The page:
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Some study tips for History 206


In this course, your responsibility is not merely to read the  assignments but to understand them. This can be daunting,
especially with the textbook, because of the amount of information on each page. The good news, however, is that understanding a chapter is not the same thing as memorizing it! The trick is to learn what to remember.

Your work each week must include, then, both doing the reading and making sure you understand it. If you neglect the latter part—if you work with your brain on auto-pilot and don’t process the reading you’ve done—then you will get lost in the details and have much harder time making anything stick.

Fortunately, there are ways to help you focus. First, the textbook is full of questions intended to help you do exactly this. They appear at the start of each chapter, at the end of each chapter, and at the top of almost every right-hand page. The point of these is to help you draw out the big points and main ideas from the sea of words, dates, and names. If you can answer these questions, you’re doing OK. If you can’t, it’s a sign something’s not quite right.

Another approach—which is particularly helpful around exam time (hint, hint)—is ask yourself what is going on in a specific block time. Given that each chapter of the textbook covers a limited span (usually around ten years), ask yourself what were the prevailing ideas—political, economic, and socio-cultural—in that block of time? Can you give examples? Next: how did these ideas differ (or not) from those of an earlier block of time? For example, what were the reigning economic ideas of the 1920s, and how did they compare to the 1880s?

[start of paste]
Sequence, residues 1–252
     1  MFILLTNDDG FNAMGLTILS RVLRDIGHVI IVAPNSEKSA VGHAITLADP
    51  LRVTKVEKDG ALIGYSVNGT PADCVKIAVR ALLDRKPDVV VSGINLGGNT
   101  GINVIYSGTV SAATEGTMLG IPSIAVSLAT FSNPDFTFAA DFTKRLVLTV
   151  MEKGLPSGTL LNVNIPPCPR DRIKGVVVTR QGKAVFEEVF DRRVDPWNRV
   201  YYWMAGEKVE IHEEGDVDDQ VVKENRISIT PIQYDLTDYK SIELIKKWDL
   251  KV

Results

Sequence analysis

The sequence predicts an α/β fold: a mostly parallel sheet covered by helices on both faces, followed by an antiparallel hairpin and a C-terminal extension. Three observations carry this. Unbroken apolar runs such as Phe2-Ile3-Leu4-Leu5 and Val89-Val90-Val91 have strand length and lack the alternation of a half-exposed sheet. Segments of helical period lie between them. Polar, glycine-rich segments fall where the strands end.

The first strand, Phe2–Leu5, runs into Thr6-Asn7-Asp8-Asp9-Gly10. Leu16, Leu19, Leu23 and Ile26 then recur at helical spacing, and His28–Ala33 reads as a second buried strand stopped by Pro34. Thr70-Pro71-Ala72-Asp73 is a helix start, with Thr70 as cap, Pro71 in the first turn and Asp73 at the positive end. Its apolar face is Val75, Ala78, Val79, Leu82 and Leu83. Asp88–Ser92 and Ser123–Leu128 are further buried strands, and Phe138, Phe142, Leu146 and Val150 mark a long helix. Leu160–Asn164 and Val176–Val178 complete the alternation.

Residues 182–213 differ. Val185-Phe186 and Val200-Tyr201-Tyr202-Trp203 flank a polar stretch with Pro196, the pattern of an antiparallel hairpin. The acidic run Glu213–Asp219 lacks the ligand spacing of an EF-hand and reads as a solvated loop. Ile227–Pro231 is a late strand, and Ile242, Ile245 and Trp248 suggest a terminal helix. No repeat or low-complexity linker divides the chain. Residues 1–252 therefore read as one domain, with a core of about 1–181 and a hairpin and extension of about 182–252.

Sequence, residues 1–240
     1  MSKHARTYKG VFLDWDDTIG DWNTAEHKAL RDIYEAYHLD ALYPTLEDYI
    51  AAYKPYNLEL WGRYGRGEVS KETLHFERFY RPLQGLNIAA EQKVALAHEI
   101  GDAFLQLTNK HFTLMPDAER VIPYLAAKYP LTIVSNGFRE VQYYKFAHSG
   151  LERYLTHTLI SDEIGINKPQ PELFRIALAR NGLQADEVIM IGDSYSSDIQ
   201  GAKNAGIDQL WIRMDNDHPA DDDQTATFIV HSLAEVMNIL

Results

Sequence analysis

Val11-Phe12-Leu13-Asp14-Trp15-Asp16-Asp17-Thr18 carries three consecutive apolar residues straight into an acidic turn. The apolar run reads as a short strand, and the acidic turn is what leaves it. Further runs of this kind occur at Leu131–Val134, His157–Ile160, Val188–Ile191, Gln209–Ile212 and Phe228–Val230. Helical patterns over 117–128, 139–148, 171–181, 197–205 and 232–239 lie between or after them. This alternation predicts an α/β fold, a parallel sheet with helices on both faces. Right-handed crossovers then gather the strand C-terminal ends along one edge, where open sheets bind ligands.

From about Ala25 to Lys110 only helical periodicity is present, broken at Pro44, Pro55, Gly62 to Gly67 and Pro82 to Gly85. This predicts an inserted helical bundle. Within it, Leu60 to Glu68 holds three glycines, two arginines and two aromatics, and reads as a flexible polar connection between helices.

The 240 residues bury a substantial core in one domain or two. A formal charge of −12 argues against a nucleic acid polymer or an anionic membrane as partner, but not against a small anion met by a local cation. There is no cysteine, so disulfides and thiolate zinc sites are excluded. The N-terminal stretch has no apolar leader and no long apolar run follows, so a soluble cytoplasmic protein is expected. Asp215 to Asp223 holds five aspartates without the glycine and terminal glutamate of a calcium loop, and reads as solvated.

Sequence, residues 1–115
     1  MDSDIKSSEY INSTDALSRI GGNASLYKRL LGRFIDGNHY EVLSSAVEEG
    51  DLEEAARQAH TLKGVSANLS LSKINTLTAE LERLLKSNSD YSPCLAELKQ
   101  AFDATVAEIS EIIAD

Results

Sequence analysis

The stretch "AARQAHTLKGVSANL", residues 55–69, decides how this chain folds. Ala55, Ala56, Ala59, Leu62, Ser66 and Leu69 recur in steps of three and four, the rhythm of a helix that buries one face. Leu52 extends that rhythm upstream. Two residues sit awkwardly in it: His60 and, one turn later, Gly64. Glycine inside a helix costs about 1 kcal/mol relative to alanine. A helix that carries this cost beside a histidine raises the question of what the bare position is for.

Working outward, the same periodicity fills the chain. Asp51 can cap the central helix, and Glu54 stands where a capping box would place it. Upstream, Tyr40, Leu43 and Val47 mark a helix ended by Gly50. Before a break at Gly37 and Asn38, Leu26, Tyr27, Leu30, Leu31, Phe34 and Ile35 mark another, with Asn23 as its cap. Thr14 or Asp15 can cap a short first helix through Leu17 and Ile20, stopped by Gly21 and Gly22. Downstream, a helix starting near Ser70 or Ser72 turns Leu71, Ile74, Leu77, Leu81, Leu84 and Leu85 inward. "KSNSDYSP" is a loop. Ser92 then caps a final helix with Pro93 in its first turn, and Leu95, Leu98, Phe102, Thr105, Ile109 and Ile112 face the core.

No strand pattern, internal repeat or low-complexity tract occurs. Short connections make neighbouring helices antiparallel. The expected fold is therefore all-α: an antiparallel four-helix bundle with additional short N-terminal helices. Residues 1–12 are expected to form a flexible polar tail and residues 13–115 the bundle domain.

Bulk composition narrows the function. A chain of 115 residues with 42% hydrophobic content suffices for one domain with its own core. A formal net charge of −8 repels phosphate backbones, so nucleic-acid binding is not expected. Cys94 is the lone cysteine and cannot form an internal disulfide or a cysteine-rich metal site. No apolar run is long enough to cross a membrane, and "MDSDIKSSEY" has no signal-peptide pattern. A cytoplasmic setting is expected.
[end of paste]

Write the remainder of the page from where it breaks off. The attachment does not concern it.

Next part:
If you are trying to make sense of a chapter that has a lot of information about some specific group (for example, African Americans, womem, Republicans, reformers), it may be helpful to ask questions such as this: What did this group want in this period? How did these goals compare to those of other groups? What factors helped or limited this group from getting what it wanted? How did things change for this group from the beginning to the end of this period? Did this group get what it sought? Give examples.

When you can answer--and give examples--to these kinds of questions, you can feel confident you have a handle on the material. If you're studying with a friend, you can split up the questions between you. On the other hand, if you're still having trouble with a question--or multiple questions--you can always bring them up in discussion section or bring them to my office hours (or your TA's).